The Grassmann algebra has an involution [1, p. 66] and, corresponding to the inner product in , there is an associated inner product in

(16) |

where and .

###### Lemma 3.1.

We next discuss how a bounded operator acting on is represented
by an element ,
which naturally acts on . The connection is particularly simple, if is given in its *normal form*

(17) |

as this allows us to represent by (see [1, p. 26])

(18) | ||||

In fact, if , then corresponds to the element (using a suggestive notation)

see [1, Equ. (3.68), p. 84].

###### Remark 3.1.

## 4 The first unitary transformation

In this section, we apply a unitary transformation to the Hamiltonian

(20) |

where both

and

act trivially on the bosonic Fock space .

Inspecting the parts of , which involve bosonic creation and annihilation
operators, *i.e.*,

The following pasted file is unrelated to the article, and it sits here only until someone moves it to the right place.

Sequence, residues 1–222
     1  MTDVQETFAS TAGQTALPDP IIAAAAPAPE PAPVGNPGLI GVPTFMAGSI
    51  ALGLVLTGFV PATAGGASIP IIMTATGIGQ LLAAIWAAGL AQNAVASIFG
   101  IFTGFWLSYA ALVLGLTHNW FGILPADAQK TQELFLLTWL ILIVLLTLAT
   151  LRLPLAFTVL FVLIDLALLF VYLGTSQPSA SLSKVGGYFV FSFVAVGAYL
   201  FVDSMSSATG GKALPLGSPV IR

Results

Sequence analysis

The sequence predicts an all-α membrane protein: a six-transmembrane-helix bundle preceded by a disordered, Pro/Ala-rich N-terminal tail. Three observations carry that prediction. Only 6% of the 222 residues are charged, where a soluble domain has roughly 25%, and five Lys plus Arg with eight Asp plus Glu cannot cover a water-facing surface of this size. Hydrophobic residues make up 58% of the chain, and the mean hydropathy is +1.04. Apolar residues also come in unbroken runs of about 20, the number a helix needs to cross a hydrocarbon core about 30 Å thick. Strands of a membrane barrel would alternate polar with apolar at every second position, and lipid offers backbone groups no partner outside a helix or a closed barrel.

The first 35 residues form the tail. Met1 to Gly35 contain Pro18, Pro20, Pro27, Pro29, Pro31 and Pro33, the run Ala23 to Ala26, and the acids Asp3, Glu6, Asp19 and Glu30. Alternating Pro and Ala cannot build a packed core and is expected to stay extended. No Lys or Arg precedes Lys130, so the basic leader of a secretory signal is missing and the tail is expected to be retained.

one may try to “complete the square” by adding and subtracting a term of the form

which is quadratic in . In fact, there is a unitary operator, namely

which accomplishes this task:

###### Proposition 4.1.

As a quadratic form on ,

(21) |

where the positive first term on the r.h.s. is build up from *dressed* bosonic creation and annihilation operators

and

Moreover,

(22) |

###### Remark 4.1.

Note that the action of and on is no longer trivial, as mixes the components in the tensor product .

###### Proof.

The are Grassmann variables, which commute with all the other Grassmann variables. Thus, (21) is a consequence of

The final statement follows from the fact that on , the Grassmann variables commute. Hence, . ∎

In the original representation on the current-current interaction is represented (using the correspondence (17)–(18)) by the normal product of

(23) |

Recalling (5), we conclude that the difference

(24) |

consists of a sum of four terms

(25) |

obtained by replacing terms of the form and occurring in by the identity operator : let denote the matrix

then